• Coach Kate

Mental Health Awareness Week - Bring Nature into your Work

It's Mental Health Awareness Week next week here in the UK and this year's theme is Nature.

Photo by Louis Tripp, Unsplash

It's no secret that Nature is beneficial to having good mental health - after all we have evolved in nature and it is only in our relatively recent past that the majority of us live and work in a world largely disconnected from nature.

The urbanisation of our lives over the last 5 generations or so has had a hugely detrimental impact on our emotional health and has inspired countless studies which show how hard it is to have good health on any level without the positive influence of nature.


A US study in the 1960's revealed that hospital patients who had a view of nature recovered far more quickly than those who didn't.

Prisoners with a view of nature are much less likely to re-offend than those who face a brick wall.

Doctors are now prescribing patients with depression walks in nature to alleviate their negativity.


In fact a 2019 study from the University of Exeter stated that "spending at least 120 minutes a week in nature is associated with good health and wellbeing"

The team led by Matthew White found that spending just 2 hours a week in nature led to improved emotional, mental and physical health:


“It’s well-known that getting outdoors in nature can be good for people’s health and well-being, but until now we’ve not been able to say how much is enough,” White said. “Two hours a week is hopefully a realistic target for many people, especially given that it can be spread over an entire week to get the benefit.”


And we know this because we feel this - whenever we spend time in nature - camping, on a walk in a park, a bike ride in the countryside - we feel better, lighter, happier.


But why?

Spending a significant amount of nature lowers our stress levels and anxiety. It enhances our immune system function, increases our self-esteem, and improves our mood.

A psychiatric unit study found that patients who spent time gardening were calmer, their mood lifted and their feelings of isolation reduced.


Chances are that when we are in a natural setting we tend to be doing something active and are not tethered to a screen (unless posting a picture on Instagram!) This disengagement with technology, change of scene and physical exertion all promote the release of serotonin.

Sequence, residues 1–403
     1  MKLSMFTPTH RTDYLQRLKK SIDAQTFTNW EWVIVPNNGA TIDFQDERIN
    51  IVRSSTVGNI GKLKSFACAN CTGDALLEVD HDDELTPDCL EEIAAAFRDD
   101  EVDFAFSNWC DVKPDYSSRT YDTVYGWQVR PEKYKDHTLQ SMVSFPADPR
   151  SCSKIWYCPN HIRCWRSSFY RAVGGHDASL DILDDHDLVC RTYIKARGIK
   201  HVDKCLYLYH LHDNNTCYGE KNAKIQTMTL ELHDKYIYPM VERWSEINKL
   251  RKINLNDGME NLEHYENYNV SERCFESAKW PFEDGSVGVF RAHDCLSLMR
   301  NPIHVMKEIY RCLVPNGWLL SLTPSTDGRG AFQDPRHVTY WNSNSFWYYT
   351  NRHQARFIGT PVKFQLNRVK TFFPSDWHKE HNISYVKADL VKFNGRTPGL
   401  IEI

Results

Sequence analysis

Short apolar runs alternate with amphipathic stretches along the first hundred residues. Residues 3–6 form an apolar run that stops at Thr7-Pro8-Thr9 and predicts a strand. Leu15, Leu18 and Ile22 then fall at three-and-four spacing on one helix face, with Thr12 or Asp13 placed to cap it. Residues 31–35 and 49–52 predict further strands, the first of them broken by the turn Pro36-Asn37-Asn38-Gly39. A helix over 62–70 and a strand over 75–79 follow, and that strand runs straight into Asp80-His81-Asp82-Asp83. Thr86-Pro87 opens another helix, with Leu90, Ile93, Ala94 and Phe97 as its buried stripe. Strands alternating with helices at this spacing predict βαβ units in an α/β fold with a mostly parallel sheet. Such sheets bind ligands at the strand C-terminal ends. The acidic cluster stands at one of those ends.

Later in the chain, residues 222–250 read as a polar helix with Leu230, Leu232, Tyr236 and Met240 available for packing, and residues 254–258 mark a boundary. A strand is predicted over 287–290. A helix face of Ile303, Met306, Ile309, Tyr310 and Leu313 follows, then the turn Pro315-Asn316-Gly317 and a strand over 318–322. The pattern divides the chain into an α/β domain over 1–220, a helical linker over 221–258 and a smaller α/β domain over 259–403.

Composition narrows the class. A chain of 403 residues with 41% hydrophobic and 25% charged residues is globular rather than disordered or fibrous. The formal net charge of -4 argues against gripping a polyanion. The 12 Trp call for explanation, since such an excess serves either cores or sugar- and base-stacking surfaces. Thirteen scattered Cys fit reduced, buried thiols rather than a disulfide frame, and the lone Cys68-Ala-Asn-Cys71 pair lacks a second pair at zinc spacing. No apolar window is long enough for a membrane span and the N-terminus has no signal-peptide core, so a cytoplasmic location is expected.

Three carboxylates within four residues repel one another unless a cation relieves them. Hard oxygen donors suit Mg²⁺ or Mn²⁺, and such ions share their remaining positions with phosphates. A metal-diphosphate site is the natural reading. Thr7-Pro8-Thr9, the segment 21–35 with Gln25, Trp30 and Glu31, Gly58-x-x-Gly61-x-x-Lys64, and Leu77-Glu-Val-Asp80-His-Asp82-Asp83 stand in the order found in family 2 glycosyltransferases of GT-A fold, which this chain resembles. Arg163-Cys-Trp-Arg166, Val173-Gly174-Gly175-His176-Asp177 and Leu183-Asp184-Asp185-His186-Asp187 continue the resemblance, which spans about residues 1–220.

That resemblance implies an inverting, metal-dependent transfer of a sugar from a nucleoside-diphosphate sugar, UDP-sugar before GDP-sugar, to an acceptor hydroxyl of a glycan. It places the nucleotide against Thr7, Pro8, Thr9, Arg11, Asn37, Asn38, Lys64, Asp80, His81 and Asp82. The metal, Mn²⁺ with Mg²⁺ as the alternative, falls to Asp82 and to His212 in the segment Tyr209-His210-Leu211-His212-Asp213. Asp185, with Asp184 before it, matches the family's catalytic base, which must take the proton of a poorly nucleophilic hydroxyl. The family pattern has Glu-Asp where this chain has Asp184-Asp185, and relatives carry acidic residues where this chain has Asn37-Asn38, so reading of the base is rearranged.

Over the last year I have found that a solitary walk every week has been an incredible mood booster and has enabled me to both switch off from daily problems, Covid stress as well as think through and sort out my spiralling thoughts.


Additionally - when I have walked with a friend I have found we have had a much deeper connection as we walk and talk; helping each other through things or just noticing the beauty of nature around us.

Ideal working environment. Photo by Standsome, Unsplash

How can we get more?

I've noticed that despite the majority of us now working from home and being given the gift of more time back we are not taking advantage of this by spending more time in nature.

Now I know - there are a several barriers to this for many of us in terms of where we live, other constraints on our time and energy and I will readily admit that after a long, frustrating and stressful day I will readily say no to my 'switch off walk'.

Especially if it is raining. Hell no.


Yet the fact remains that spending 120 minutes or more in nature each week - either in a bock of time or spread out will vastly improve all areas of our health.

Therefore, I urge everyone to build in nature time - whether that be in your garden or allotment, going on a 'pretend commute' in nature to and from your working from home set up, moving your daily exercise regime outside in a more natural setting, organising a weekly walk with friends, taking the scenic route when you go shopping - the little tweaks each and every day will soon add up.

Bring the outside inside. Photo by Mildly Useful, Unsplash

How does this apply to work?

More and more businesses are offering access to 'green spaces' for their employees knowing that this is an attraction.


As we begin to head back to our places of work it is worth assessing them to see what they offer in terms of natural settings - plants throughout the office, outside spaces which are not just concrete, pictures of nature throughout the work space, natural tones and colours - it may not be the real thing but bringing in as many natural elements as possible will help.


Then it is time to think how you can build nature into your working day - a change in your commute to go through the park perhaps, or flexible working several days a week so you have time to spend in nature in daylight, perhaps you can set up your work station outside in your garden or your local park.


When back at work ask colleagues to join you for lunch in the park, create activity groups with the aim to do things outside in a natural setting such as sports once a week, a monthly hike or wild swim, running or cycling club, gardening group, a foraging course or - and this is my favourite - Prosecco in the Park on Fridays!


Enjoy!

Kx

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